The problem seemed to separate the president from prominent republicans. He drew his condemnation not only from the establishment wing of his party, including the powerful Senator Orrin Hatch, but also from anti-establishment conservatives such as Mark Meadows, who led the right caucus on Capitol Hill.
Meadows tweette: & # 39; & # 39; Rates on steel and aluminum are a tax increase that the American people do not need and can not pay. & # 39; & # 39;
Trump has received several requests to save Canada.
The Pentagon even published a letter in which he was urged not to aim at allies. During witness statements, witness witnessed to the government a special exemption for Canada, given the joint car sector, the shared aluminum market and the integrated defense industrial complex served by the metals.
Even the trade unions that support the rates have lobbied for a Canadian exemption. That includes the well-connected United Steelworkers trade union, which has members in both countries, and a president from Canada, Leo Gerard.
Gerard has urged the administration to leave his home and country of birth.  "Putting Canada in the same boat as Mexico, or China, or India, or South Korea … is not right," he said in an interview.
"Canada just has to be excluded – period, we have an integrated economy and if it is undone, America will pay a high price … In every opportunity I've had, I've tried to point out the main decision makers that Canada is not the problem when it comes to international trade – and to do something that would lead to the disregard of Canada (the US). "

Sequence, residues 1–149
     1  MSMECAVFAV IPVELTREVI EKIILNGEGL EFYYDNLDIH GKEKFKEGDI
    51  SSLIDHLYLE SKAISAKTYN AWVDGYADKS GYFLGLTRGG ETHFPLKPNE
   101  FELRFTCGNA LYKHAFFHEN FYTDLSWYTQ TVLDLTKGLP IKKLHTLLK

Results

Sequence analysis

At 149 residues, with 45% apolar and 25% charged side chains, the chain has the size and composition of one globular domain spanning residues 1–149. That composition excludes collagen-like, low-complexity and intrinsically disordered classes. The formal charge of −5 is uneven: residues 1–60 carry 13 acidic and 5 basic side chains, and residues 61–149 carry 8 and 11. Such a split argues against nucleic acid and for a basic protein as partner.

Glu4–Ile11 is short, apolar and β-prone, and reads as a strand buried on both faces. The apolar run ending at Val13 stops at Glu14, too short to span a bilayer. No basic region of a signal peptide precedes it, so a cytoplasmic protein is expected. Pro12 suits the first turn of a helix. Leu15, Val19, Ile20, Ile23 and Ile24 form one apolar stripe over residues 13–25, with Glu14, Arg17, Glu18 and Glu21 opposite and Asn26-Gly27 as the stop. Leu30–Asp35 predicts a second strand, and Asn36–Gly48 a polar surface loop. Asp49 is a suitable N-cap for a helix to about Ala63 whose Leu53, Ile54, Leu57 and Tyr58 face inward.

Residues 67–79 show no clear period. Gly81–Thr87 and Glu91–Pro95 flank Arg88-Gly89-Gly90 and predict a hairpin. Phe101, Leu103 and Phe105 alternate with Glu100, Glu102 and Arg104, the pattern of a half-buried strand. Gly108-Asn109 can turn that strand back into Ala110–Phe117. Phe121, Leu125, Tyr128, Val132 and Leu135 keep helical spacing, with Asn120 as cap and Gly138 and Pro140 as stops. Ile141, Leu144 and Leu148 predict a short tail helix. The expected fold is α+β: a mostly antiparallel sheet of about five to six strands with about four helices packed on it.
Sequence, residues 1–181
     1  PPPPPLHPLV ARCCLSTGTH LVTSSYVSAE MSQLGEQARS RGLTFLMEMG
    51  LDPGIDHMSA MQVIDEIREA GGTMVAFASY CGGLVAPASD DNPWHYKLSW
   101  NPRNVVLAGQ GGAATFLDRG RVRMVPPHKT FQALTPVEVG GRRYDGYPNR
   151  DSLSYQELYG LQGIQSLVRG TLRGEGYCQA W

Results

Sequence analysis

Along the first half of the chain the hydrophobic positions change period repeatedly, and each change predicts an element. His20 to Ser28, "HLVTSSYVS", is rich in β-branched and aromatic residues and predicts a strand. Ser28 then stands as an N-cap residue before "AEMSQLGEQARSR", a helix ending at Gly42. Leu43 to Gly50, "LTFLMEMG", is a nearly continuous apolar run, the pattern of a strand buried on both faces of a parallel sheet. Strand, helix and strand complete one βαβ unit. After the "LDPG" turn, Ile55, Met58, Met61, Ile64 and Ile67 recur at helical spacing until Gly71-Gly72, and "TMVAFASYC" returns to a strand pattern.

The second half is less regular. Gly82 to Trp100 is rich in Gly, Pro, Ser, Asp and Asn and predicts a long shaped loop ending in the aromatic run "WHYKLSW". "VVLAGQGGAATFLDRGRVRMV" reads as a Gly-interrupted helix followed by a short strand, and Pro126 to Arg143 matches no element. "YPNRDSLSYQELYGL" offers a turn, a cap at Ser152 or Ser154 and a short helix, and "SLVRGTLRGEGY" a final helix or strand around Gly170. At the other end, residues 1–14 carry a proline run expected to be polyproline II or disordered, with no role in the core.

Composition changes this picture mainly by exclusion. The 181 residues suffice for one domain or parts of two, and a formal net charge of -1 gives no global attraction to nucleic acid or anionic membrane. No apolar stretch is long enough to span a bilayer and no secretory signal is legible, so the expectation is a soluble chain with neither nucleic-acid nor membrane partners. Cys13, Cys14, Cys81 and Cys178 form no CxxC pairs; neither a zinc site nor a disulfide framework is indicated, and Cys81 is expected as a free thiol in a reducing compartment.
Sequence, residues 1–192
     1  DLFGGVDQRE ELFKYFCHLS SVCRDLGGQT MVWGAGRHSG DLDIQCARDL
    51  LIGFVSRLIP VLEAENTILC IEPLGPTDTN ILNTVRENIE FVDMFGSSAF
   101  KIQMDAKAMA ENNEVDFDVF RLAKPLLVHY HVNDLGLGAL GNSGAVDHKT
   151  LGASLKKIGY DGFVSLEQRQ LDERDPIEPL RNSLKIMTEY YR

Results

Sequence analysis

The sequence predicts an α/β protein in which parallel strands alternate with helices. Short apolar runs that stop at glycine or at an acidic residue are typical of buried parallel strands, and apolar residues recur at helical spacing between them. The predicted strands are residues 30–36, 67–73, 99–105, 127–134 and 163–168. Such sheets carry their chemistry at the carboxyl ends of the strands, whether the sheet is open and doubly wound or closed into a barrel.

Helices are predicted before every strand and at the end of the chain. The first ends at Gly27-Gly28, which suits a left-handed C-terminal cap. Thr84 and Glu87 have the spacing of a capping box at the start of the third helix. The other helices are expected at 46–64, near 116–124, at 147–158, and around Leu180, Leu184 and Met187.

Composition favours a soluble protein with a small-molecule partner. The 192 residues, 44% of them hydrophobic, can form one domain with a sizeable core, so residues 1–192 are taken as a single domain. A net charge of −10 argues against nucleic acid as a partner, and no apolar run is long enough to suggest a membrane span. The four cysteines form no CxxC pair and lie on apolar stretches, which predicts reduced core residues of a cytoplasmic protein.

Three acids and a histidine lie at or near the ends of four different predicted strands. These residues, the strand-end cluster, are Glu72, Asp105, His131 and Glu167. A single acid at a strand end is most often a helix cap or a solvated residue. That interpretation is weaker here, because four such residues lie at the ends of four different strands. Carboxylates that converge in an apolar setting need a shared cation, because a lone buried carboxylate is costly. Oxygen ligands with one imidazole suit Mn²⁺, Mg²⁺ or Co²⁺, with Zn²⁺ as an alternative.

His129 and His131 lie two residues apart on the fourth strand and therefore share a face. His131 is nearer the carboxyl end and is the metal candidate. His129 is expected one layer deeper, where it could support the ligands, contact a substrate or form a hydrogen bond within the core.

Last year Canada exported approximately C $ 9.3 billion in aluminum and C $ 5.5 billion of steel to the US, where Canadian steel represented just over 15 percent of total imports. Nearly ninety percent of Canadian exports even went straight to the south.
But the problem is significant far beyond North America.
Several trade experts have warned that such free use of an exemption from national security invites others to do the same and could lead to a domino effect of reprisals. Mexico and Europe are already threatening with counter-rates.
"Trump's national security policy opens the Pandora's box," exclaimed a piece by Forbes from trade analyst Dan Ikenson.
Edward Alden of the American Council for External Relations, on Twitter, added: "This is the US's most consistent protectionist action since (Richard) Nixon's 10 percent across-the-board tariffs in 1971. And those did not last very long. "
The Canadian government and its business allies are planning to continue lobbying for an exemption. In Washington, some hoped that Trump would get cold feet – as he has done before with specific policies, such as immigration reforms.
However, bringing Americans to the attention can be a challenge.
Word of the tariffs was partially lost Thursday in an avalanche of American political news. The news network MSNBC showed a graph that illustrated all the big stories it was trying to keep track of – from the Russian probe to alleged conflicts of interest in the White House; from rifle legislation to ongoing power struggles within the administration.
It said: "48 hours, 18 stories."
By Alexander Panetta, The Canadian Press